Health savings accounts partnered with high-deductible health plans continue to grow as a popular option for employers and employees seeking an economical and convenient coverage option. However, the time has come to move beyond simple administration of these accounts to provide a more meaningful strategy for employers.
While HSA enrollment continues to grow, traditionally employers have had little insight to gauge the success of their HSA program beyond viewing basic enrollment numbers. How employees are using their accounts can have a dramatic impact on an employer’s overall HSA strategy and benefit plan.
Having recently passed the 10th anniversary of the enabling legislation, the industry, employers and brokers/agents can move HSAs forward with the use of insightful reporting and analytical tools.
Essentially, account reporting can provide the insight necessary for employers to not only see exactly how their employee accounts are being used, but also allows them to react and positively impact a desired outcome. We view reporting as a three-step process:
First, the employer will need to obtain the data in a usable format. While this sounds straightforward, many administrators have yet to develop or supply adequate reporting tools and analysis. It is important to consider this capability when selecting an HSA administrator.
Second, the data must be analyzed and applied to the employer’s specific situation.
Third, the employer needs to take action based on the data.
These steps appear fairly straightforward, but the norm with data reporting has often been to review and file the data. The third step is less likely, if ever, completed when there are limited resources to implement change partnered with a lack of understanding of the data.
To avoid stalling at step three, it is important to understand the reporting data. Reporting provides aggregated data that looks at the actual numbers month-to-month, allowing a better understanding of account holders and existing trends. By better understanding those trends, employers can react and influence employee health decisions leading to improved wellness and cost containment.
Reporting can provide a wealth of data, including accounts — enrollment, open and closure; balances — total, average and tier breakdowns; contributions — employee and employer; distributions — amount, frequency and method; investments — number of accounts and balances.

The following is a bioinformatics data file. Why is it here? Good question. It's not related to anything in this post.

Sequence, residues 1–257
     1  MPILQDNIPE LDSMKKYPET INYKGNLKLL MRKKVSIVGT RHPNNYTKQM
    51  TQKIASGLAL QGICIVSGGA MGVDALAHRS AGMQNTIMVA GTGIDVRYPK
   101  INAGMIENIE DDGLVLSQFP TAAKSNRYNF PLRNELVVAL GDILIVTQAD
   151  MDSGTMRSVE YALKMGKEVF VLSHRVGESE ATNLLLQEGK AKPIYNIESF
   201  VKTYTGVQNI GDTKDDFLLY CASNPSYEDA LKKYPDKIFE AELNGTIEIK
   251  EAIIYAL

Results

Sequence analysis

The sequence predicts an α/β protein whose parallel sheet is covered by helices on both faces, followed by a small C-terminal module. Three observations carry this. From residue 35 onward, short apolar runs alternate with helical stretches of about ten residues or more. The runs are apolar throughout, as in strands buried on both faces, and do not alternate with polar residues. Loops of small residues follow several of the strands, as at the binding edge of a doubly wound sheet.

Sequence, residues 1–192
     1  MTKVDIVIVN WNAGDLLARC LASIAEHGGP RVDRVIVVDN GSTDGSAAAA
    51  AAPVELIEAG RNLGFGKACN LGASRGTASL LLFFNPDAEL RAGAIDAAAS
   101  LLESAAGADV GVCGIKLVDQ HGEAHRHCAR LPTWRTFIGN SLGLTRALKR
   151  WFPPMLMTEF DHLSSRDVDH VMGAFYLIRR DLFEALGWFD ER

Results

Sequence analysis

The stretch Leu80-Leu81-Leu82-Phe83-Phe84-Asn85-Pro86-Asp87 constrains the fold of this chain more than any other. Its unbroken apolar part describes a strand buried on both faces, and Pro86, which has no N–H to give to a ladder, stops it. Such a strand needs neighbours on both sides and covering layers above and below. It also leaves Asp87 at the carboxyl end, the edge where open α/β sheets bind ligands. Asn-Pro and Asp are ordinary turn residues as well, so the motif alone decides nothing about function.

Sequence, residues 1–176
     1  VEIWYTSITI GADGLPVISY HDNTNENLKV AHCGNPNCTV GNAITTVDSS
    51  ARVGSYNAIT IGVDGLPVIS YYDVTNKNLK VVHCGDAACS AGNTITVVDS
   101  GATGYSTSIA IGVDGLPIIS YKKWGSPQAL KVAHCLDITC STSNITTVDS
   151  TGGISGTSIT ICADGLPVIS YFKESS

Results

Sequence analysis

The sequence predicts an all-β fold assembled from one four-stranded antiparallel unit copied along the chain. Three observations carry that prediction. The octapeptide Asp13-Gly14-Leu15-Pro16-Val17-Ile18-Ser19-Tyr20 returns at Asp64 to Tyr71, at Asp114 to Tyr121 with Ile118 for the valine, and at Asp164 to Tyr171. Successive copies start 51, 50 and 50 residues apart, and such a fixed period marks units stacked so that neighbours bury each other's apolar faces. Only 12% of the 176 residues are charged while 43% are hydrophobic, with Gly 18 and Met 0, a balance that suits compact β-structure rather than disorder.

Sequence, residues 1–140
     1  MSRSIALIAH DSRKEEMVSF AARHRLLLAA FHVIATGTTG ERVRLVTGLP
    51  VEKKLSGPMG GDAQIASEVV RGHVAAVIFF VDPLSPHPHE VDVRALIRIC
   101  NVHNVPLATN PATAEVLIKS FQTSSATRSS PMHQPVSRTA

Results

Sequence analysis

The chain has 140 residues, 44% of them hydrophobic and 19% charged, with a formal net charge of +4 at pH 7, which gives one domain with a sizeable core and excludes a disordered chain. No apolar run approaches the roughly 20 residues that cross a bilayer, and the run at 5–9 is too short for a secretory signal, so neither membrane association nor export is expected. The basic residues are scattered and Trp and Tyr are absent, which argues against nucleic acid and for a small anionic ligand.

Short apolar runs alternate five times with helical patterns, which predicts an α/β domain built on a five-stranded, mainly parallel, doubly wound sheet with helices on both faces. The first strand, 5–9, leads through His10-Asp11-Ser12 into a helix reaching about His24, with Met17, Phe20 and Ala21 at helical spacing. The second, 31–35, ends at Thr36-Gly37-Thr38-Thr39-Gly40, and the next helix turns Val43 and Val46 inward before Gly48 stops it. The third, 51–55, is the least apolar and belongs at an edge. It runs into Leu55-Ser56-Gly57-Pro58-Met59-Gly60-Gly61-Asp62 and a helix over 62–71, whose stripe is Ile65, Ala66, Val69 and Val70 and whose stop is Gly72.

Analyzing the data can appear cumbersome, but it doesn’t have to be. Look at each data point as if it were the answer to a question. Each question can be answered through the data and tracked over time. It is important to analyze reports with the employee in mind.
Common employer questions: How are employees using their accounts? To spend or save? How much does an employer have to fund, and for how long? What is the level of employee engagement in the plan? What are their habits for contributions and distributions?
In addition to typical reporting metrics, we have identified key data metrics for tracking trends. We view these metrics as probably the most significant aspects of account trends to monitor and as vital for all employer groups. These include percentage of accounts with employee contributions, contribution-to-distribution ratio, distribution frequency versus benchmark average, and remaining balance to contributions.
Data reporting can also help identify and classify different behaviors of employee account holders, helpful in creating tailored communications. For example, if employers identify that employees regularly spend their account balances and aren’t realizing the benefits of saving, they can promote the importance of building long-term wealth in their HSA.
To effectively implement change based on reporting data, employers need a plan for what they hope to accomplish within their HSA plan offering — what problem they need to tackle.
We identified a six-point plan to better manage this process: Identify the item/problem to impact, choose the best way to impact the result, identify the measure of success, deploy the necessary resources, regularly review and make adjustments.
By analyzing trends over time, employers can review their progress impacting change. And while many employers are strapped for time and resources, business partners, including HSA administrators and brokers/agents, have the experience and knowledge to help in driving positive change.
HSAs are a significant long-term savings and cost-containment vehicle for health care expenses, and as our industry moves into the next decade of HSAs, we need to focus on tools that create measurements of success and execute plans that improve the future health and wealth of employees.
Dennis Triplett is CEO of UMB Healthcare Services, a division of UMB Financial Corp.